The use of phosphorus-rich and nitrogen-rich fertilizer on lawns and golf courses surrounding a lake can cause it to become eutrophic or hypereutrophic.


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Catchment or Drainage Area | LakeLubbers

This is the surrounding area that drains into a lake, including land, rivers and their tributaries. This is also known as the lake's "catchment basin".

Small lakes at the highest peaks of mountains have small drainage areas. The world's oceans have the largest drainage areas.


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Lake-Area Population | LakeLubbers

This is the estimated number of people who live in a house with a view of a lake, plus those who self-describe the lake as their home, for example: "I live at Smith Mountain Lake."


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Water Residence Time | LakeLubbers

This is the estimated time that it takes for an amount of water equal to the entire volume of a lake to flow out of - or evaporate from - the lake.

Residence Time can be as short as a few days for fast-flowing small lakes, and can exceed 100 years for slow-flowing large lakes.


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Completion Year | LakeLubbers

This is the year that a reservoir was first filled to the reservoir's normal elevation - or the year that a natural lake was first dammed. A large reservoir can take more than a year to fill after its dam is first closed.

The Grand Anicut in southern India is generally considered the world's oldest dam that still operates. Grand Anicut was constructed in the second century BC. It now impounds an irrigation network that includes roughly one million acres.

You can find many of the the world's newest reservoirs on LakeLubbers. Many of the world's oldest reservoirs appear on the last page of that list.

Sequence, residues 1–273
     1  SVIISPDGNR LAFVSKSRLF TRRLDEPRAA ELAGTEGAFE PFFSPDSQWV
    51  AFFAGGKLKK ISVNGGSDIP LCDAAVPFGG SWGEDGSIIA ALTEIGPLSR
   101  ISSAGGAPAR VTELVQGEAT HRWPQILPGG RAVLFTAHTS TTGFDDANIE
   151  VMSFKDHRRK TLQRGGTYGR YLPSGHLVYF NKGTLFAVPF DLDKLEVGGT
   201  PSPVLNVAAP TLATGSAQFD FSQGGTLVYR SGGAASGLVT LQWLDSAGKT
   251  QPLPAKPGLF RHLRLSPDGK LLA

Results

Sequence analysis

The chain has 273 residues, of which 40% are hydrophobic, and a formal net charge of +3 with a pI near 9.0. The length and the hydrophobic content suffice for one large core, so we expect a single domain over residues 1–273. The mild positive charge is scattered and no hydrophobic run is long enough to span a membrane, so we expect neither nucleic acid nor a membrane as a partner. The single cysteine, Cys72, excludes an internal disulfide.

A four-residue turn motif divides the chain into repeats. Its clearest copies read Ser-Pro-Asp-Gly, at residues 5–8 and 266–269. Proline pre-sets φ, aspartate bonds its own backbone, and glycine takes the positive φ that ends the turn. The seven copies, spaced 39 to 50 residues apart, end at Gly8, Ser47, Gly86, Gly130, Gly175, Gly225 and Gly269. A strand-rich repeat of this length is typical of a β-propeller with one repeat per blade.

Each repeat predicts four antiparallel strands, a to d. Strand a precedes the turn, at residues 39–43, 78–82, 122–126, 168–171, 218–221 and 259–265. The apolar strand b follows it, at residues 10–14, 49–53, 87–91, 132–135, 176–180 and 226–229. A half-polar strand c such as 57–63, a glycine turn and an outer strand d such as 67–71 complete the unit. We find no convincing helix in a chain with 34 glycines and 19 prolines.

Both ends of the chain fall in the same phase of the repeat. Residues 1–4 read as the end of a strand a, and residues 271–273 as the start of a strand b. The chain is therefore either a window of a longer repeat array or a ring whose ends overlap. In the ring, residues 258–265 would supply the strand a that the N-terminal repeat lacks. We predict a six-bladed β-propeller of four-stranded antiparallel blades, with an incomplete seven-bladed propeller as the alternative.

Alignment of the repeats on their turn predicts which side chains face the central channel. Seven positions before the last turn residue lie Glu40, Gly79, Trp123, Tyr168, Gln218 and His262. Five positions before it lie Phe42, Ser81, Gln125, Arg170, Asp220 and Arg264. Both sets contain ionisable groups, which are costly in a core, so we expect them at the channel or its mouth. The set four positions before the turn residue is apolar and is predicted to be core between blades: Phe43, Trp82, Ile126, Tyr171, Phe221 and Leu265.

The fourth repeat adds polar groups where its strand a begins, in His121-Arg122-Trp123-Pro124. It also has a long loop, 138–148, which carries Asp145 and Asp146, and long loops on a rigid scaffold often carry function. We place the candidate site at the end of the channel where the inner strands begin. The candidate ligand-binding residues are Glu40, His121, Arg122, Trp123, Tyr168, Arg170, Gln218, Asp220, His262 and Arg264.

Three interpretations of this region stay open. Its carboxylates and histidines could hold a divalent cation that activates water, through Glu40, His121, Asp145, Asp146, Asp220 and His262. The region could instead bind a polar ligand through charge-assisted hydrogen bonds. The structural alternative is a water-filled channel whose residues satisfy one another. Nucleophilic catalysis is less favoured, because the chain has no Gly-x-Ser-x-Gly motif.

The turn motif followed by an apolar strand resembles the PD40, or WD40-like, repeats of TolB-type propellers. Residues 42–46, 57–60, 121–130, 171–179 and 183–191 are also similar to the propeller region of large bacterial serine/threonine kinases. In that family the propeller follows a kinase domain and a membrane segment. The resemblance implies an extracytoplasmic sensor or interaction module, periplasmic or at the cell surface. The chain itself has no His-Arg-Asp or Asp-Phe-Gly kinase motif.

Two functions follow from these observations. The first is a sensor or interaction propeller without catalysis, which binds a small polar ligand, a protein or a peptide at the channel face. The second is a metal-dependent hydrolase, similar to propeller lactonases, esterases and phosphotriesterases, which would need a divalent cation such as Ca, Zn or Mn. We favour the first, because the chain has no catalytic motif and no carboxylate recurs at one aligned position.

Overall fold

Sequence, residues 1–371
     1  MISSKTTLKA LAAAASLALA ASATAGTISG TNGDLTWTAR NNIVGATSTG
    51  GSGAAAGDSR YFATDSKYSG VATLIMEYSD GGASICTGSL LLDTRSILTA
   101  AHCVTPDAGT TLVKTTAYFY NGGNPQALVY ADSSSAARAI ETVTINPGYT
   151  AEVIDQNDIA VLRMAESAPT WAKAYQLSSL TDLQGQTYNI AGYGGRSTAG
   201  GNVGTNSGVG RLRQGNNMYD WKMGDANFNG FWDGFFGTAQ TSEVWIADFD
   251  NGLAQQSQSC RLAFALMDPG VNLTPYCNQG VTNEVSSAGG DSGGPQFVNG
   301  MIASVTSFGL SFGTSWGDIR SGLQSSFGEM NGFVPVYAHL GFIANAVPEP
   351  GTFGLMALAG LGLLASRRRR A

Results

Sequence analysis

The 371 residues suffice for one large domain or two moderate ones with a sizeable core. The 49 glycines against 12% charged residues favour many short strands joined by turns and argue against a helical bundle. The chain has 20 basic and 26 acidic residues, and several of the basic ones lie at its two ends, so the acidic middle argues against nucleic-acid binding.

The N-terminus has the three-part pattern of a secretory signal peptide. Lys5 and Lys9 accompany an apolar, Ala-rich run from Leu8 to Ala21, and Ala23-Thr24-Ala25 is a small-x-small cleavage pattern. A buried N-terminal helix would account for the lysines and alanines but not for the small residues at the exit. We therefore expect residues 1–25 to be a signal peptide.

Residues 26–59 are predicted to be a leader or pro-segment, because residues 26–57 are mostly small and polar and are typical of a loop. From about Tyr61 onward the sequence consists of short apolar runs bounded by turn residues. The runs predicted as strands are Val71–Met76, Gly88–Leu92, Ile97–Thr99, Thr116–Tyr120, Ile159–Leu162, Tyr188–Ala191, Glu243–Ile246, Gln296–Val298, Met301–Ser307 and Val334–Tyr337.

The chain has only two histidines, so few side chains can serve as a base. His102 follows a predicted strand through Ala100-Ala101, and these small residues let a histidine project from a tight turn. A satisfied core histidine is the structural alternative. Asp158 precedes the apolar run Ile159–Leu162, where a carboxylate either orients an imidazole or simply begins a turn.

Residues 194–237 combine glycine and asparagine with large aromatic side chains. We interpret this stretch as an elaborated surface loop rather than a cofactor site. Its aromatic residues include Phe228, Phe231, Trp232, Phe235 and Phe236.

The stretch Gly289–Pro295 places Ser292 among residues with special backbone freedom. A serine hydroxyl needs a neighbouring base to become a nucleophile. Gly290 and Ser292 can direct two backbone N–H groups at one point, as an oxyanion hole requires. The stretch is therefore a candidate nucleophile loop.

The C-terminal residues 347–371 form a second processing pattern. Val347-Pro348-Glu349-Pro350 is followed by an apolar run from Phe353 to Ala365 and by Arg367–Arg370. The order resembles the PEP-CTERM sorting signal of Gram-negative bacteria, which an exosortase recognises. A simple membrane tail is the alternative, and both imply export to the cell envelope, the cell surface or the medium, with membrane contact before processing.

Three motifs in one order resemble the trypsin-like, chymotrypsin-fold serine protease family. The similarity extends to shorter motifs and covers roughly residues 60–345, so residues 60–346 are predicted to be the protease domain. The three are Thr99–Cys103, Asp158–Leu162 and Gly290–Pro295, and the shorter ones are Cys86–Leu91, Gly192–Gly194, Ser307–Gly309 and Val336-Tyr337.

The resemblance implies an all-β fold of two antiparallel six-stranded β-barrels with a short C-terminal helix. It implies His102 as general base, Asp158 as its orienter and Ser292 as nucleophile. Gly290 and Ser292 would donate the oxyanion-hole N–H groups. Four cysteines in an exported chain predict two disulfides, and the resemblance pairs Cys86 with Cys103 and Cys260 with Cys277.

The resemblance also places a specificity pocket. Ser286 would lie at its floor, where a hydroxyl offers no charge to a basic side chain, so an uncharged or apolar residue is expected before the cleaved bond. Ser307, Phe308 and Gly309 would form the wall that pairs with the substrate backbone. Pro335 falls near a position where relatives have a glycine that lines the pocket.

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Water Volume | LakeLubbers

This is the estimated volume of water that a lake contains -- measured at the lake's normal elevation. By this measure, the world's largest freshwater lake is Siberia's Lake Baikal.

You can find many of the the world's largest lakes (by water volume) on LakeLubbers.

Water Volume can be measured in acre-feet, in cubic miles, or in cubic kilometers. One acre-foot is the amount of water needed to cover one acre (43,560 square feet) to a depth of one foot. One cubic mile equals 3,379,200 acre-feet. One cubic kilometer equals 810,713 acre-feet.

1 acre-foot is equal to 325,851 US gallons. Siberia's Lake Baikal contains about 6,276,367,740,000,000 gallons of freshwater - nearly 1 million gallons for every living person on earth.

The other - and more widely used - measure of a lake's size is the lake's surface acreage. By that measure, the world's largest freshwater lake is North America's Lake Superior.


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Maximum Depth | LakeLubbers

This is the estimated greatest depth of the water in a lake -- measured at the lake's normal elevation. The world's deepest lake is Siberia's Lake Baikal; that lake's maximum depth is estimated at 5,314 feet.

You can find many of the the world's deepest lakes on LakeLubbers. If you select the last page of that list, you will find the (maximum depth of) the shallowest lakes in our database.


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Average Depth | LakeLubbers

This is the estimated average depth of the water in a lake -- measured at the lake's normal elevation. If the water volume and surface area of a lake are known, an estimate of the lake's average depth can be calculated:

Water volume ÷ Surface Area = Average Depth

Example: 1,000,000 acre-feet ÷ 20,000 acres = 50 feet average depth


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Maximum Elevation | LakeLubbers

This is a lake's highest water level, measured by the lake's surface distance above sea level, that can occur during flooding. A lake's highest possible maximum elevation is usually the top of the lake's dam or spillway.

At lakes that include residential development, government regulations usually forbid the construction of homes below a lake's maximum elevation.


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Minimum Elevation | LakeLubbers